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100 Nights, 100 Days: A Culture of Protest

By Austen Lethbridge-Scarl

This weekend, Portland saw its 100th night of protests against the Portland Police and their brutality. This is worth celebrating. And it’s worth taking stock of what’s been accomplished.


On its face, it might seem like not much. Part of why the protests have continued for so long is that the city government is militant in not caring about protesters’ demands. Two weeks ago, Mayor Ted Wheeler spoke at length with OPB about his efforts to stop the protests and didn’t say a single thing about why they’re happening in the first place. Commissioner JoAnn Hardesty issued a statement on Saturday listing what had been accomplished in the last 100 days, but it only highlights how little the city has done: Ending the inaccurately named Gun Violence Reduction Team, getting cops off transit and out of schools, an anemic $15 million divestment, and a ballot measure creating a police review board that will, at best, be hopelessly overwhelmed by the months of constant police violence that took place while we were waiting to vote on it. All of these accomplishments were in June. It is now September.


And they still haven’t banned teargas, which continues to poison our environment and flood our neighborhoods so badly it invades people’s homes. (Unless they’re in the Pearl. Police never use it in the Pearl for some reason.)


Given that Wheeler already wants to bring back the Gun Violence Reduction Team, the only changes that actually matter are those that can’t be taken back. So far, nobody in City Hall has been willing to offer those. Including Hardesty.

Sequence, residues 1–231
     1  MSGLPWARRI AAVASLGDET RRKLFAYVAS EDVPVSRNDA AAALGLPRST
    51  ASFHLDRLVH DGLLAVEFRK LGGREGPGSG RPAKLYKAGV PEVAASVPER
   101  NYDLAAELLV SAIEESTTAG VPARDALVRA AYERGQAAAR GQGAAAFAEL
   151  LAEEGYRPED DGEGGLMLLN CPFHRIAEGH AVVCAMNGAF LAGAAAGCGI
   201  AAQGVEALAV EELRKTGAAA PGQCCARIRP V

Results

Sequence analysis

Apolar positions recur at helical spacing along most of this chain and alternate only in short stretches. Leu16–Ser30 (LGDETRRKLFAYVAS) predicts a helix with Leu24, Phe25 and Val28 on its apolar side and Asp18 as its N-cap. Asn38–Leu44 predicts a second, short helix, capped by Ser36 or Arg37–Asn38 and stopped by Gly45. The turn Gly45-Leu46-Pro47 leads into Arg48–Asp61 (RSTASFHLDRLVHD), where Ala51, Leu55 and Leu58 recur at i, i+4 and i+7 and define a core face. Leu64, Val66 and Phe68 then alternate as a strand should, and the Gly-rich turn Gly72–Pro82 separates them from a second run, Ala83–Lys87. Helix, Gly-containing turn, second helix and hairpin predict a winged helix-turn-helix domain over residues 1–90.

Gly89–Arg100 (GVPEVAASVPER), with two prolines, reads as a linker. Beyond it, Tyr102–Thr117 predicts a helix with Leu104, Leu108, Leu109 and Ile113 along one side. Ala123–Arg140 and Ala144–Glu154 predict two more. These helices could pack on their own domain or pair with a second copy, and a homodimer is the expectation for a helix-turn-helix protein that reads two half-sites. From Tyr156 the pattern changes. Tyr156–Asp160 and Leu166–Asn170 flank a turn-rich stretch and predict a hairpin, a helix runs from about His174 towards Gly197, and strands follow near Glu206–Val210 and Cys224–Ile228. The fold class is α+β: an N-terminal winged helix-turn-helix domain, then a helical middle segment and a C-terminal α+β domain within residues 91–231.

So what have we actually gained? The answer is each other.


(Times were simpler before the feds showed up. Photo Credit: Austen Lethbridge-Scarl)

Portland has become a city that is good at protesting. Damn good. Fighting the Portland Police to a standstill prepared us for fighting back the feds (who never left, by the way), and since then, the movement has broken free from the Justice Center and spread across the whole city. Actions happen almost every night, in every corner of the city, but we’ve also developed incredible infrastructure. If you can’t show up at night, there’s still plenty to do. You can build shields. You can make zines. You can cook. You can distribute water. You can provide jail support for those who were arrested. We’ve created a resilient network of activism that can’t be silenced.


And that’s why you shouldn’t worry about “playing into Trump’s hands”.


Trump is a bully. You can’t control what a bully does. Appeasing a bully doesn’t make them go away. You can’t not give them excuses. He’s already lying about Portland being on fire. Do you think you can stop him from lying about everything else? When a bully wants to throw a punch, they will and there’s nothing you can do to stop it.


But here’s what you can do: Prepare. React. Find support. Defend yourself. Fight back. After 100 nights and 100 days of work, that’s what Portland has learned how to do. Maybe Trump will single us out, but there’s no city in this country more prepared to answer him. We did it before. We’ll do it again.


I’m proud of you, Portland. I love this city.

(Ted Wheeler couldn't even be bothered to show up for his own birthday party. Photo credit: Austen Lethbridge-Scarl)

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